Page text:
When Should I Accept That My Affair Will Never Be Forgiven?

By: Katie Lersch: I sometimes hear from people who are beyond remorseful for having an affair. Often, they would do absolutely anything in order to be forgiven. And, they have often tried multiple things in order to achieve this goal, but have been unsuccessful. This leaves them wondering if there will ever be a resolution or if their one time mistake is going to mean that forgiveness will never be possible and that there is a chance that their marriage can never be saved.

Common comments are things like: “I had an affair about two and a half years ago. In the beginning, my husband said that he would try to forgive me eventually so that we could try to save our marriage. To my husband’s credit, he didn’t leave me. He did stay with me, although our marriage has never even begun to recover. He still has so much anger toward me. I have offered to go to counseling. I have waited for there to be improvements. But there haven’t been any. Lately, my husband has started going out with coworkers instead of coming home after work. I am sure that female coworkers tag along. If he were to cheat on me, I am not sure that I can even blame him. But at this point, over two years have gone by and he still seems as angry with me as when he first found out. I haven’t looked at another man since then and I never will again. But I am wondering at which point I should accept that I am never going to be forgiven. And if I’m not going to be forgiven, then this probably means that my marriage is over, right?”

I am not sure if there is ever any time frame on this. Every one situation is unique and different. And, I’m not sure that I would ever encourage anyone to give up on forgiveness. Sometimes, it does come when it is least expected or when the cheating spouse stops asking for it. And frankly, forgiveness isn’t always necessary to saving your marriage, especially at first. But I think that every one can agree that it is often the gold standard. In the following article, I will offer some tips which might help to put this in perspective in order to help this wife come up with a sensible next step.

Every Ounce Of Healing Does Not Hinge on Forgiveness: I completely understand wanting to be forgiven. I was the faithful spouse, but I know that my spouse started asking for forgiveness almost immediately. People want forgiveness because it signifies an improvement or a sense of relief. It shows that at least at some point in the future, your spouse might be willing to put this behind them and to start over with a clean slate. And this might mean that you aren’t going to have to make up for or live with this mistake for the rest of your life.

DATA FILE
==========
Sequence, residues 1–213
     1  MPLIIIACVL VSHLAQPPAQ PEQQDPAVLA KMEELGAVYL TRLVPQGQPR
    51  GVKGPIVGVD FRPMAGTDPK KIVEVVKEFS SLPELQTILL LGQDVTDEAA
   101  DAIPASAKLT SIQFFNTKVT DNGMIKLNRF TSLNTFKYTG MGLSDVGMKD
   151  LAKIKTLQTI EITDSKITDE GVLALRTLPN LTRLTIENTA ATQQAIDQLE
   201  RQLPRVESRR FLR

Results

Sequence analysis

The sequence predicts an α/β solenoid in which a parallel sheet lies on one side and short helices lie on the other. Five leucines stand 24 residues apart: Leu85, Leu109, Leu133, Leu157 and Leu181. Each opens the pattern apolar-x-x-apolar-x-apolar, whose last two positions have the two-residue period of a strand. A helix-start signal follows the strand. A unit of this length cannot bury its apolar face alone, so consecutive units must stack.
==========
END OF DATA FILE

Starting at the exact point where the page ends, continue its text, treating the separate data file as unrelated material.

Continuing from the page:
I do understand this, but at the same time, it’s important to look at the other side of this in order to understand why your spouse may have a hard time with forgiveness, at least right now. Many people assume that if they do forgive, then they are almost condoning the act of cheating. Many faithful spouses tell me that they are reluctant to forgive because they don’t want to give off the impression that they are ever going to be OK with their spouse’s infidelity or that they are ever going to be able to forget about it.

It can take quite some time for the faithful spouse to understand that they get to define the terms of the forgiveness and that it doesn’t always mean that forgiveness is the same as negating or erasing the affair.

But please don’t make the mistake of thinking that you can’t and won’t make any progress if you don’t get forgiveness. So many people will sort of place everything on hold and think that they can’t move forward or can’t try to improve their marriage until their spouse finally can offer forgiveness. This isn’t the case. And many couples waste a lot of time waiting for this. You absolutely can make progress and improvements without either of you needing to make any firm commitments. I believe that is a mistake to put progress on hold while you are waiting.

Understand That Trying To Force Forgiveness Can Actually Cause Much More Harm Than Not Pursuing It: I can tell you from the perspective to the faithful spouse that it can be very frustrating when you feel pressured to offer something that you just aren’t ready to give. Sometimes, you just feel like telling your spouse that if they aren’t willing to wait or to give you the time that you need, then your answer will have to be the one that they don’t want to hear. It can also make you feel as if your spouse cares more about your offering forgiveness or about your letting them off the hook than they feel about your healing or about your feelings. And this can hurt your marriage much more than forgiveness could ever help it.

This is only my opinion but my advice in this situation would be to hope for the forgiveness but not to demand it or keep pestering your spouse for it. When they are ready to offer it, they will. And there is plenty of progress that can be made without it. It is vital that your spouse understands that your marriage and their well being are more important to you than anything that you are asking from them.

Frankly, I only got more and more angry and frustrated with my husband when he pressured me for forgiveness.  And I actually offered it once he stopped asking for it and placed the focus on my well being rather than his own comfort level.  To be honest, it is much easier to forgive when your spouse is worried more about you than about themselves.  Our marriage did improve before I forgave, but my letting go took a huge weight off of my shoulders.  If it helps, you can read more on my blog http://surviving-the-affair.com

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